Austere Berg and joyful Rachmaninov from Lionel Bringuier, Vilde Frang and Tonhalle Orchestra Zurich

SwitzerlandSwitzerland Berg, Rachmaninov: Vilde Frang (violin), Tonhalle Orchestra Zurich / Lionel Bringuier (conductor). Tonhalle, Zurich, 20.1.2022. (JR)

Vilde Frang (c) Marco Borggreve

Berg – Violin Concerto
Rachmaninov – Symphony No.3 in A minor, Op.44

I must say that I was greatly looking forward to the start of Paavo Järvi’s Bruckner cycle, but Järvi tested positive for Covid and in jumped former Music Director Lionel Bringuier.  No Brucknerian (yet?), so the programme was quickly changed to Rachmaninov’s Third Symphony.

First, though, we stayed loyal to the original programme and heard Berg’s Violin Concerto. I cannot exactly say the work grows on me, but with repeated hearings I understand its construction and the work certainly reveals more each time – and I now appreciate that it has the power to move.  It is not, however, easy on the listener. As our chief editor has succinctly put it in a previous review of the work, ‘The musical language of Berg and his contemporaries can be difficult for even the most seasoned listeners of classical music, nevertheless I doubt very much if anyone could fail to be moved by what is essentially a requiem ohne Worte (without words)’.

When the American violinist Louis Krasner approached Berg in 1935, the Austrian composer was hard at work on his opera, Lulu. Berg declared apparently that that he was ‘not a violin composer’. The catalyst for the work came in the spring of 1935 with the death from polio of Manon Gropius, the eighteen-year-old daughter of architect Walter Gropius and Alma Mahler. Berg considered the Violin Concerto to be a ‘Requiem for Manon’.

Norwegian violinist Vilde Frang wholly entered the reflective mood of the work, and no technical challenges were insurmountable (there is a particularly hard section where the soloist plucks pizzicato over a legato line – at the same time!). Frang impressed not only in the tender moments of the work, but also with the vehemence of her attack when slashing chords on her valuable instrument (a 1734 ‘Rode’ Guarneri del Jesù, on loan from the Stretton Society). The work is neither tonal nor atonal. It is never uneasy on the ear, yet never melodious in the usual sense. The first movement has a ghostly, haunting quality. The second movement is more turbulent, though eventually serene. After an introduction by the clarinets, there is a series of variations on the Lutheran chorale melody, ‘Es ist genug! Herr wenn es Dir gefällt’ (‘It is enough! Lord, if it pleases You’), found in Bach’s Cantata No.60.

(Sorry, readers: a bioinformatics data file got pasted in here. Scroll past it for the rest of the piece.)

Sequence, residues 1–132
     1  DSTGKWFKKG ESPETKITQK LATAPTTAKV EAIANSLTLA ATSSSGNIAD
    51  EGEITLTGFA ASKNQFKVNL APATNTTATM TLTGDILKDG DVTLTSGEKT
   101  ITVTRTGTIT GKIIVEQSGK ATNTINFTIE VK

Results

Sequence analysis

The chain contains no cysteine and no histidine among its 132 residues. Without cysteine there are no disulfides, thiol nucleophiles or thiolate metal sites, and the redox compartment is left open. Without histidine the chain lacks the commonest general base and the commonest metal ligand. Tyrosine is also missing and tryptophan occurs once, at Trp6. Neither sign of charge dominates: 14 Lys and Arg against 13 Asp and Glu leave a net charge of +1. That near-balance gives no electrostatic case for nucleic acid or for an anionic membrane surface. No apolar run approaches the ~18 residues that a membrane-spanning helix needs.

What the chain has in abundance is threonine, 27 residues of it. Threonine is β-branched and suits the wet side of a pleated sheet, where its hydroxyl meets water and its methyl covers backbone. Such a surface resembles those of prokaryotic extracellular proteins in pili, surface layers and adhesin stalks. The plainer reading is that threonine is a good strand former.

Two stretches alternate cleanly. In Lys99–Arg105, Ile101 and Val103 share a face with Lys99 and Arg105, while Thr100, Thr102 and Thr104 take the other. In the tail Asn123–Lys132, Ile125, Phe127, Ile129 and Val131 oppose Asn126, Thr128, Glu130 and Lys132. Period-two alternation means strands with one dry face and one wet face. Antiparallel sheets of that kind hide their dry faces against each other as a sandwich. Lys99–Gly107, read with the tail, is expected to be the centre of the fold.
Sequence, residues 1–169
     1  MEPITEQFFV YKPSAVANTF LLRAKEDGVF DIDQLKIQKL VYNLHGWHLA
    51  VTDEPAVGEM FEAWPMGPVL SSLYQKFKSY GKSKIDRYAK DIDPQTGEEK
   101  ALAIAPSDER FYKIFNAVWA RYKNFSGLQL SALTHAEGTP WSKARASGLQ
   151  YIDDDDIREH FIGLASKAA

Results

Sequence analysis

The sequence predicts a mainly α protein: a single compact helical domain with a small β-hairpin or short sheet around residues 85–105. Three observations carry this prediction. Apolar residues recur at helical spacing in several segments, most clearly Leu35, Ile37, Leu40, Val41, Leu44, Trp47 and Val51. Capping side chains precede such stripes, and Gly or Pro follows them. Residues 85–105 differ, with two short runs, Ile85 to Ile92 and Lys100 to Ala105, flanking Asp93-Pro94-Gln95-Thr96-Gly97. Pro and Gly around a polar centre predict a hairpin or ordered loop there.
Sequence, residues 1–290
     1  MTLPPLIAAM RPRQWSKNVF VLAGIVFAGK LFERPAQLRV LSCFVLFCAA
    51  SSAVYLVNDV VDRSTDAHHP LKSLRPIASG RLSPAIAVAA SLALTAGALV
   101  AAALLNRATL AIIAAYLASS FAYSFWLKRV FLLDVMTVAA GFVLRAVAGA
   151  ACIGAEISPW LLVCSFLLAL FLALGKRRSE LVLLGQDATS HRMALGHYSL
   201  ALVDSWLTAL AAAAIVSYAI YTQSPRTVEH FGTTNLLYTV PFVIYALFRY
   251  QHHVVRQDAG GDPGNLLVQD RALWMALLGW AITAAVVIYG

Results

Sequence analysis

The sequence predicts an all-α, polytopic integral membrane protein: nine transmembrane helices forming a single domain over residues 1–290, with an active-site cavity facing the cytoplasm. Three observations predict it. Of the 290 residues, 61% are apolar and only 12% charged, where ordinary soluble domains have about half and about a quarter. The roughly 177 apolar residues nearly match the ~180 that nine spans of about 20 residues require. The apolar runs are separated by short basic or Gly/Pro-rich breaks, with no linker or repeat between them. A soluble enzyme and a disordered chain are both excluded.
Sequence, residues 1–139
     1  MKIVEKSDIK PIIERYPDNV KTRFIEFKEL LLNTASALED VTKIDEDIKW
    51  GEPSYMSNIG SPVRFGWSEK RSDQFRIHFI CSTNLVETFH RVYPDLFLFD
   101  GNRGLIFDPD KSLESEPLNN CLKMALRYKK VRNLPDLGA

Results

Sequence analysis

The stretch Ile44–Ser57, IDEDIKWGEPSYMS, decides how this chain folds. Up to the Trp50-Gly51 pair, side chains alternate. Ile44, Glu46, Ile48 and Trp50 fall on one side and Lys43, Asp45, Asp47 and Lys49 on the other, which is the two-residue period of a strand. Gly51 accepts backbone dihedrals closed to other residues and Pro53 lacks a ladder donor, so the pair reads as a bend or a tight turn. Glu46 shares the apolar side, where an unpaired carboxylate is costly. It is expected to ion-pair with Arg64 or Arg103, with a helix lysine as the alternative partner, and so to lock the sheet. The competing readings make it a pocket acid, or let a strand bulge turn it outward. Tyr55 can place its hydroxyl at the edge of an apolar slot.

Bringuier proved a most sensitive accompanist, wholly immersed in the detail of this complex piece.

Rachmaninov’s Third Symphony had a rather tepid reaction from public and critics alike when first performed in Philadelphia under Leopold Stokowski in 1936 and it has remained in the shadows of many of his other, more readily appreciated works ever since. It has, however, had something of a revival of interest in the last few decades and here was a chance to re-assess it. Bringuier had given us his fine interpretation of Rachmaninov’s Second Symphony on his last (scheduled) visit to Zurich. Whilst not in the same class as his Second Symphony (or indeed his First), there is much to enjoy in the Third. The first movement is lush and joyous and was a breath of fresh air after the austere Berg. In the second movement there were very fine contributions from Mischa Greull (horn), Andreas Janke (concertmaster) and Matvey Demin (flute), to mention just a few.

The orchestra played with gusto throughout, and particularly relished the racy ending. Lionel Bringuier was very warmly received by orchestra and audience alike. Rachmaninov certainly seems to be in his blood; we were reminded what a fine young conductor he is. He will surely be a regular annual visitor to the Tonhalle and is to be thanked for standing in for Paavo Järvi at such short notice.

John Rhodes

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